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film: Shooting Blanks

Despite the oddball yet likable performance of writer/director/star Robert Duvall, "Assassination Tango" mostly misses its target.


Sporting a scraggly gray ponytail, Duvall is John J., an older, dance-loving Brooklyn hit man, whose bowlegged swagger just barely masks the heavy toll age and experience have taken on him. Living quietly with unglamorous, loving girlfriend Maggie (Kathy Baker) and her 10-year-old daughter Jenny (Katherine Micheaux Miller), John J. is quite content. But when he's sent to Argentina for a "hit," he meets the sultry dancer Manuela (Luciana Pedraza) and falls in love with her as well as with the tango she dances. Although Duvall the actor gets John J. just right, the writer Duvall doesn't give us much of a sense of what motivates him.

"Assassination Tango" is clearly a very personal movie for Duvall, who's been a fan of the tango — as well as a student — for more than 15 years. It's equally obvious that he wrote, directed and produced the movie so he could cast his real-life Argentine girlfriend in the role of Manuela.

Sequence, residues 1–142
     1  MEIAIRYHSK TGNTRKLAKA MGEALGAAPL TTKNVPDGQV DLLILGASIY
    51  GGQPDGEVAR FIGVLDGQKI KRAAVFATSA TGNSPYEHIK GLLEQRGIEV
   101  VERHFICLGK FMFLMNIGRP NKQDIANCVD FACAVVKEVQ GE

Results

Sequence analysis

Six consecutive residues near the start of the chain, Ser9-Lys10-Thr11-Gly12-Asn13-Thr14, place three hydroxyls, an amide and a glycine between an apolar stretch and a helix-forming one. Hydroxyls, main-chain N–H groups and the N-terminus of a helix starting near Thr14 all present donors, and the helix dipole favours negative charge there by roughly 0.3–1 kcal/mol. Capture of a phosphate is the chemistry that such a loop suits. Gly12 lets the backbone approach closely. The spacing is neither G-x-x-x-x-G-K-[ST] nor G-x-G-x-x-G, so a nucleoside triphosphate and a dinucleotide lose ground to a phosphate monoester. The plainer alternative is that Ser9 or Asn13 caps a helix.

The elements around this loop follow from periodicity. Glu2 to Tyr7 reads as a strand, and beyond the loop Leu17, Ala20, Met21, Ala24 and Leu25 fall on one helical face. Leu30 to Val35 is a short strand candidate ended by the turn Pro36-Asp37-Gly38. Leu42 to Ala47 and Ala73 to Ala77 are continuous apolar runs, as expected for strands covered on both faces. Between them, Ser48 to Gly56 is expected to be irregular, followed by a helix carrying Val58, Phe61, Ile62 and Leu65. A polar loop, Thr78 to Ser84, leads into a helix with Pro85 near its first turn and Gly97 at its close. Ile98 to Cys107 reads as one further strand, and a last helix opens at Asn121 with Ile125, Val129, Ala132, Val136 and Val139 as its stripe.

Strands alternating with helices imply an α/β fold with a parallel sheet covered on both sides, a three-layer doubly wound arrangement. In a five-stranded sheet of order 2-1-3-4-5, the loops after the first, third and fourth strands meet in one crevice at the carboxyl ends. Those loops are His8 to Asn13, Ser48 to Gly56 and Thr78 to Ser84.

As many such "personal" projects often are, "Assassination Tango" is occasionally fascinating, but more often uneven. It's an artist sharing his obsession with a wide audience, and while not all of us will share his fervor, we can understand why he needed to make this movie. But big chunks of the story seem to be missing, so although it's quite watchable, making sense of it all is impossible. Yet every now and then, we catch a glimmer of why Duvall is so enchanted by the tango as well as with Miss Pedraza.

Having said all that, the movie's biggest misstep is making the tango — both the dance and the one playing out between John J. and Manuela — take a back seat to the movie's run-of-the-mill assassination plot. In fact, it's a good 40 minutes before we see the barest hint of the dance of lovers.

But when John J. first encounters a "real" tango in a slightly worn-down club in Buenos Aires (where his "hit" lives), the movie finally finds its rhythm. Resembling an elegant, Argentine Ali McGraw, the long-limbed Pedraza has an oddly intriguing brusqueness and a voice that's part growl and part honey. She and Duvall also share real chemistry, which is not necessarily a given when off-screen couples try to move their romance on-screen.

And the tango sequences are handled with an unexpected intelligence. Resisting the urge to show off his tango prowess, Duvall keeps most of John J.'s partnering of Manuela as fantasy sequences. But sharing one's obsession with a wide audience is a tricky undertaking. Most of us will never share Duvall's fervor for the tango, the best he can hope for is our understanding his need to make the movie. And yes, the screenplay no doubt could have benefited from a co-writer not so attached to the material as Duvall. Regardless, Duvall's acting remains as smooth and effortless as the tango. ***

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